By BRENDA S. EDWARDS
12:27 AM EDT, June 3, 2012
Editor’s note: More articles on the history of Cornishville and the Reed and Durr families will be published later.
Edith Durr Reed of Danville has spent most of her 89 years near Cornishville in rural Mercer County. She knows the history of the area and has written her memories of the her life.
Her parents, Fred and Evie Darland Durr, moved in 1937 to a farm on Mount Pleasant Road and Chaplin River in Mercer County. She said her father described the farm as having “very fine bottoms and very ordinary hills.”
She said the day the family moved the children got on the school bus at one place that morning and got off the bus that afternoon at their new home.
She liked the farm and the first difference she noticed was the noise. “I remember being awakened in the night to a loud, harsh sound. I thought it was a steam engine pulling a thrasher along the road in front of our house.” Later, she realized it was a train leaving the water station on Bohon Road, two miles away.
She remembers the covered bridge near Bohon Road and a new bridge nearby that was open to traffic.
The Vanarsdall Mill was a short distance from her house, but the dam was gone by then. The mill survived the 1937 flood.
Mrs. Reed remembers other mills in Mercer County, but the Cornishville Mill in downtown Cornishville is the only one she recalls operating until 1941. It later was washed away by high flood waters. Brewer’s Mill near Cornishville and a house nearby are still standing and have been preserved by the Floying Thompson Sr. family.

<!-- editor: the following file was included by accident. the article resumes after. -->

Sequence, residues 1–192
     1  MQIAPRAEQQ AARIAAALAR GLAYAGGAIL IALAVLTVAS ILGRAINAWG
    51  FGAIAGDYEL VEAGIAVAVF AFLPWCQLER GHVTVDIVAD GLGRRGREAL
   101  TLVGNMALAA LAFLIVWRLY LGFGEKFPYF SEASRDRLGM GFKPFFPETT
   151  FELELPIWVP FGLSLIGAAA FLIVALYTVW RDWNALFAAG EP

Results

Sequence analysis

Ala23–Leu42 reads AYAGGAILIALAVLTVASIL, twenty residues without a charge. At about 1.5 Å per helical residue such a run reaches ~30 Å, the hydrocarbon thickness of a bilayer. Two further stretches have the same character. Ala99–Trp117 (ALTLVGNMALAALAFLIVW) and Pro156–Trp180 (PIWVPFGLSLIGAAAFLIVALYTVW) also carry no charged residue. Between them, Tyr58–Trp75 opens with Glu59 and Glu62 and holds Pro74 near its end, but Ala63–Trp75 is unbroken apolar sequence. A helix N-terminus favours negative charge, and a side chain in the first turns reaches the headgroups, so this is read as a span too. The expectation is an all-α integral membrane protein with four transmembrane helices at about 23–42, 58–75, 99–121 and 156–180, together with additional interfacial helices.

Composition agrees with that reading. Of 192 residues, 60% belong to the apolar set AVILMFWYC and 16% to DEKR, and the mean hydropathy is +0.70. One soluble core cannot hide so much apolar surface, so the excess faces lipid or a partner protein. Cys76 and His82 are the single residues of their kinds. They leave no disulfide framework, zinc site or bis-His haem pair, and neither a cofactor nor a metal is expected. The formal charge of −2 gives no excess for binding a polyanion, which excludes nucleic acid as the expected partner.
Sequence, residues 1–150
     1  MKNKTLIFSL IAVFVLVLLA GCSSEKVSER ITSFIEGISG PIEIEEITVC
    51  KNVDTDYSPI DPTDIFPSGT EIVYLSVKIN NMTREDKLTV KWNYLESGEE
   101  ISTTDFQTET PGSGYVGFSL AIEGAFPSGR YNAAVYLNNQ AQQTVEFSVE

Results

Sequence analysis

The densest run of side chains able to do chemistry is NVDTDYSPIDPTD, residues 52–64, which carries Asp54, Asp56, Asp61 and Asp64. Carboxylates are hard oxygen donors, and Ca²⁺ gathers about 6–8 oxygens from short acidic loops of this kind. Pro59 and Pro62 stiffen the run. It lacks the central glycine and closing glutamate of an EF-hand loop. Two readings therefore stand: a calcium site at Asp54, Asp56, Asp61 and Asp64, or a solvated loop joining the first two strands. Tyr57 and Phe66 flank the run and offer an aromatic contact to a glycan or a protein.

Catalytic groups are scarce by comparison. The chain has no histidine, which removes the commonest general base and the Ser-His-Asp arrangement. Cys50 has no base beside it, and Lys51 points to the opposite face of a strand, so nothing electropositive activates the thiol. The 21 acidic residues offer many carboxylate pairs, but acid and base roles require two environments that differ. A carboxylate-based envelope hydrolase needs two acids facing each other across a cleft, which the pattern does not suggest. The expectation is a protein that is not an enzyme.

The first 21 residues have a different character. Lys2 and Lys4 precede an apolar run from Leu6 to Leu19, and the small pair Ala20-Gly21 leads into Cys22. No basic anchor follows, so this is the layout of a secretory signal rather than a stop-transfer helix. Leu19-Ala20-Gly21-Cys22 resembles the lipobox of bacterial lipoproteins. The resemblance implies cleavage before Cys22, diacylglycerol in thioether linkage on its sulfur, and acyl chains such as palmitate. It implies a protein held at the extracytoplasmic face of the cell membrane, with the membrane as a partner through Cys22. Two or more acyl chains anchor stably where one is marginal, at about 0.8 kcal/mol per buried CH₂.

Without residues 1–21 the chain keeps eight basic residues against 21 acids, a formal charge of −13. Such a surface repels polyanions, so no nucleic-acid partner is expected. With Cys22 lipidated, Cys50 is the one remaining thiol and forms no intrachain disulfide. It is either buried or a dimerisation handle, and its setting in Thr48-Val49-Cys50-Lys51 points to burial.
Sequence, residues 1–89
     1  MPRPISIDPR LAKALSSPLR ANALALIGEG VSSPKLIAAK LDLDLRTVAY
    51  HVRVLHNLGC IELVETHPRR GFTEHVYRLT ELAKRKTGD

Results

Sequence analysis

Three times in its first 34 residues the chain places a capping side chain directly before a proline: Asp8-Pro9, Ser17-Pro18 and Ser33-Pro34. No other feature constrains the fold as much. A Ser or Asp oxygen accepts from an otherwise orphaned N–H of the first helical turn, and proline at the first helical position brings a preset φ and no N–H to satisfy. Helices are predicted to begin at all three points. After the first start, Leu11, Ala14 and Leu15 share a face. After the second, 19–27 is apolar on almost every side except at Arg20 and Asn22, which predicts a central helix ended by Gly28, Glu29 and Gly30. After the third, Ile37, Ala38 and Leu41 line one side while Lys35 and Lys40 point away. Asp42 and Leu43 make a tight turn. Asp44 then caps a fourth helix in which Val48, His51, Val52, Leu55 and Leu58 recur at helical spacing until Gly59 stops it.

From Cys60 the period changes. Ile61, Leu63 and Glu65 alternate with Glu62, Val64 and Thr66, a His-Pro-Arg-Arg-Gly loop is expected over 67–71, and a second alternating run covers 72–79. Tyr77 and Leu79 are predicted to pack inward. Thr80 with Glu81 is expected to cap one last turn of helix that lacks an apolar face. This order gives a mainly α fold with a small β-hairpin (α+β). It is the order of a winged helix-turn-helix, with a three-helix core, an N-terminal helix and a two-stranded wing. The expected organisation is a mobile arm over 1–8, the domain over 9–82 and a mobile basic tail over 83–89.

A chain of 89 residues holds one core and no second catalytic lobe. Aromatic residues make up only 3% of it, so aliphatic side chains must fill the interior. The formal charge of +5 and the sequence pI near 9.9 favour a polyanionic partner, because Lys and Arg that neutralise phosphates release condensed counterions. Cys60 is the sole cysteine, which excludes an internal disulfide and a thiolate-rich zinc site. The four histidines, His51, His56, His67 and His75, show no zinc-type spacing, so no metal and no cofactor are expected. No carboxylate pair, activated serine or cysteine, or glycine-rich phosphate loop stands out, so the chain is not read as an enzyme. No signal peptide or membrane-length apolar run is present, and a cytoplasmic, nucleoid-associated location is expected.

Living along the Salt River, Mrs. Reed saw many floods in her life time. She recalls the 1937 flood when the heavy rain began in January. The water ran into the streams and low places and continued to rise, she said. The river bottom in the bend of the river on the Durr farm flooded and turned into a lake. However, the rising water did not get to the house or buildings.
Schools remained in session for a few days, then closed due to the overflowing Chaplin River and creeks.
Mrs. Reed doesn’t remember when the rain stopped, but it seemed like a long time.
“How happy and thankful we were for things to get back to normal again. Soon we were complaining about those crazy algebra problems and having to parse those sentences in English.” She was convinced that no one would ever need algebra or parsing after school ended.
After graduation, she and her husband, Roy Reed, were married in 1940. They later bought the farm his grandfather, James Reed owned on the corner of Mann and Cornishville roads where Roy farmed. His main cash crop was tobacco. He also had cattle, sheep and hogs.
They had one child, Gayle.
Mrs. Reed lived on the farm until her husband died at the age of 85. She sold the farm and moved to Danville eight years ago to be near her daughter, Gayle Coslow, and family.
Mrs. Reed has written several history articles in the past few years about her family and the Cornishville schools and Christian Church that have been published in the Harrodsburg Herald.
The first article she wrote was about the Cornishville School, said Mrs. Reed. She wasn’t thinking about getting her work published until her long-friend Kandie Prather Adkinson, a local historian, encouraged her to submit the articles to the newspaper.
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